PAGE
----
The application under Section 482 Cr.P.C The manner in which the High Court has disposed and quashed the criminal proceedings is not appreciated at all Furthermore the Court has emphasized that the High Court must pass a speaking and reasoned order in such matters. The same has been set aside by the High Court in a most cursory and casual manner.

The allegations made against the accused persons and even on the legality and validity of the order passed by the Magistrate summoning the accused, has not been discussed by the High Court the Court noted.

The appellant contended that there are no reasons whatsoever have been assigned while quashing the criminal proceedings and further the appellant contended that there is no independent application of mind by the High Court. The respondent defended the impugned order, on the other hand before the Apex Court.

the Allahabad High Court quashed the criminal proceedings merely opining that “that no useful purpose shall be served by prolonging the proceedings of the case, while allowing the petition filled by the accused challenging this order and the offences punishable under Sections 307, 504, 506 of the Indian Penal Code and Section 3(10)(15) of the Scheduled Castes and Scheduled Tribes (Prevention of Atrocities) Act, the accused to face the trial the Magistrate summoned the accused in the present case.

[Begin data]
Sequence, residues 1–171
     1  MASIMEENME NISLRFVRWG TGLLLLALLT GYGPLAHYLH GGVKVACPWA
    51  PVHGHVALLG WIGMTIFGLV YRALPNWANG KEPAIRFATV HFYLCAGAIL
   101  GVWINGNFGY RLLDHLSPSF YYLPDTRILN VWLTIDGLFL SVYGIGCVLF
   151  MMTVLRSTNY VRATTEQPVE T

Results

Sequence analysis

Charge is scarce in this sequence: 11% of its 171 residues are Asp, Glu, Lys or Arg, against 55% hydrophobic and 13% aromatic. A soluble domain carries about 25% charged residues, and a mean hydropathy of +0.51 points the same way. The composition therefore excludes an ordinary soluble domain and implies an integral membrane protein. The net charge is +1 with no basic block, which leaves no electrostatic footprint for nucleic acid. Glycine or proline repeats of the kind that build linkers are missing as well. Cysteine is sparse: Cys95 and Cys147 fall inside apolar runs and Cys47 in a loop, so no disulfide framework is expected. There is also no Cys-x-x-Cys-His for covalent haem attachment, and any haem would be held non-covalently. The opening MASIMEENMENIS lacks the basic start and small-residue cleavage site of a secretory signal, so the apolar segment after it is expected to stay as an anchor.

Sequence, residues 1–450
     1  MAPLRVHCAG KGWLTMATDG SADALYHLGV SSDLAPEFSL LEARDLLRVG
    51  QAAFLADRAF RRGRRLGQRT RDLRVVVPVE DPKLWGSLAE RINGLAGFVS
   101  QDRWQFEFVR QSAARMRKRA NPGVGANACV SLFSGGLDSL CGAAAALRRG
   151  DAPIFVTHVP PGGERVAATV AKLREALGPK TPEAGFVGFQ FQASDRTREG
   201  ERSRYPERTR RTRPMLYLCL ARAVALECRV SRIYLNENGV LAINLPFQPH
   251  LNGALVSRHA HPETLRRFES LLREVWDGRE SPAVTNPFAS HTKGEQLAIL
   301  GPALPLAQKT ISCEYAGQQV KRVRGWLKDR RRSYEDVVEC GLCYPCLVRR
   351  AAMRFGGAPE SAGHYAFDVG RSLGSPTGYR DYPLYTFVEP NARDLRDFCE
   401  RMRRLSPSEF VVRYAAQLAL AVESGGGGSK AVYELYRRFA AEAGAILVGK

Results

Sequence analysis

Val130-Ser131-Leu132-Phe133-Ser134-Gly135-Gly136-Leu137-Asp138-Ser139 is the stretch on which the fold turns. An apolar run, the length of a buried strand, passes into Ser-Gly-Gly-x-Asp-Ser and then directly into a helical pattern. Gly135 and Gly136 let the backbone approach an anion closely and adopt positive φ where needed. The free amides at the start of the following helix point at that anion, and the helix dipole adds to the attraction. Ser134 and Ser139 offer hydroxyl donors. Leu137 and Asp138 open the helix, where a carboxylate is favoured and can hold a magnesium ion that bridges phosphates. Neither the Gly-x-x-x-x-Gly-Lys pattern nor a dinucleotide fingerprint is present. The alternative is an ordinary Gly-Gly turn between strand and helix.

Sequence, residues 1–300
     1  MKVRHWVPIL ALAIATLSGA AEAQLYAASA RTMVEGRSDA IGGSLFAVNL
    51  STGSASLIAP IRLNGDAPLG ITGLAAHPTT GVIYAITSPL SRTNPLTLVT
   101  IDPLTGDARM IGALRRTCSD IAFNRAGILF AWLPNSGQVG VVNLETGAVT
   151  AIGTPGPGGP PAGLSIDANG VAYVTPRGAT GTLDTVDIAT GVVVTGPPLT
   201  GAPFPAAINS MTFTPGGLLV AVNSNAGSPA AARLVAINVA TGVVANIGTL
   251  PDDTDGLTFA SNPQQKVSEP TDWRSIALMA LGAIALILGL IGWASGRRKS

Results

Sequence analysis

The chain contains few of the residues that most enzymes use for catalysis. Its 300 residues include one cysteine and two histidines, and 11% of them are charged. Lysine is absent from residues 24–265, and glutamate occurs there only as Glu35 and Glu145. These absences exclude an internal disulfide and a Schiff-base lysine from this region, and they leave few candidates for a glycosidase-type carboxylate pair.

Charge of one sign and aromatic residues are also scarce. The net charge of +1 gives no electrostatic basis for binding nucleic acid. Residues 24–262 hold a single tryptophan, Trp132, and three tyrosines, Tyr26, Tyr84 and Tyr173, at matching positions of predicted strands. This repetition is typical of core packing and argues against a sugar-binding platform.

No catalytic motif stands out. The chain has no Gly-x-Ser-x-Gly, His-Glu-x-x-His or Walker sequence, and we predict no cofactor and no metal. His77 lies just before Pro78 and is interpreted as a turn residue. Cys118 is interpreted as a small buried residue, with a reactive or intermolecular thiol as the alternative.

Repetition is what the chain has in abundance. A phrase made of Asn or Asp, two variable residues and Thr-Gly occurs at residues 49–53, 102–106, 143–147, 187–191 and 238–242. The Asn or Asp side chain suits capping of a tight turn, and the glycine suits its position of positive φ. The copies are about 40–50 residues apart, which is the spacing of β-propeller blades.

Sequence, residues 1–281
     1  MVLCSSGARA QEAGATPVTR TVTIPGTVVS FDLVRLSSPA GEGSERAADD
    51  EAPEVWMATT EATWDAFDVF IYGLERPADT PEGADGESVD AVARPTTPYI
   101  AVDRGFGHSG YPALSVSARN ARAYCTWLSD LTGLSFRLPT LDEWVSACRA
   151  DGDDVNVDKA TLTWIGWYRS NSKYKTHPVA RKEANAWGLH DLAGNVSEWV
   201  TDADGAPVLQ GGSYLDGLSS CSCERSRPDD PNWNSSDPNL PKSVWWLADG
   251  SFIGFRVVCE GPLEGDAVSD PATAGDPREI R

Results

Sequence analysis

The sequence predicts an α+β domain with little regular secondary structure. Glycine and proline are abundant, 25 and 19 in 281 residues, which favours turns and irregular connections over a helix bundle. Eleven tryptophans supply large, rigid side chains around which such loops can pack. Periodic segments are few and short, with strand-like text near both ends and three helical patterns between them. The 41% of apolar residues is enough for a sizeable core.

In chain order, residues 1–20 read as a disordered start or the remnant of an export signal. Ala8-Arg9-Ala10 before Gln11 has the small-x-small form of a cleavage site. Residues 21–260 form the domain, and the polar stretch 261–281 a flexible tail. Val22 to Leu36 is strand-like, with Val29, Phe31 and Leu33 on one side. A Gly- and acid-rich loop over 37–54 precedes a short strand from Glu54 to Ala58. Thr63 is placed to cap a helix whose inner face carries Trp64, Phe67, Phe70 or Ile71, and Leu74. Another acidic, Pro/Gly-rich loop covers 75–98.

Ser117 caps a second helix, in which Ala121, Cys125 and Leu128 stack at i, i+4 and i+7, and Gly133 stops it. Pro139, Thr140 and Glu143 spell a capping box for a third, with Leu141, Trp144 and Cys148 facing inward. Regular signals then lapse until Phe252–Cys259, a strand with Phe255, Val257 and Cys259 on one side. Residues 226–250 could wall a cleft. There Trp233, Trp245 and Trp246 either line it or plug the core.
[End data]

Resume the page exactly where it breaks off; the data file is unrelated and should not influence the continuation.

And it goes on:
The bench comprising of Justice MR Shah and the justice BV Nagarathna observed and reiterated under Section 482 of the Code of Criminal Procedure that a High Court must pass a speaking and reasoned order while disposing petitions.

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Nexus between accused’s negligence and victim’s death has to be established under Section 304A IPC: Supreme Court

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The Supreme Court in the case Nanjundappa vs State of Karnataka observed that would not apply to a criminal case, the doctrine of res ipsa loquitur stricto sensu.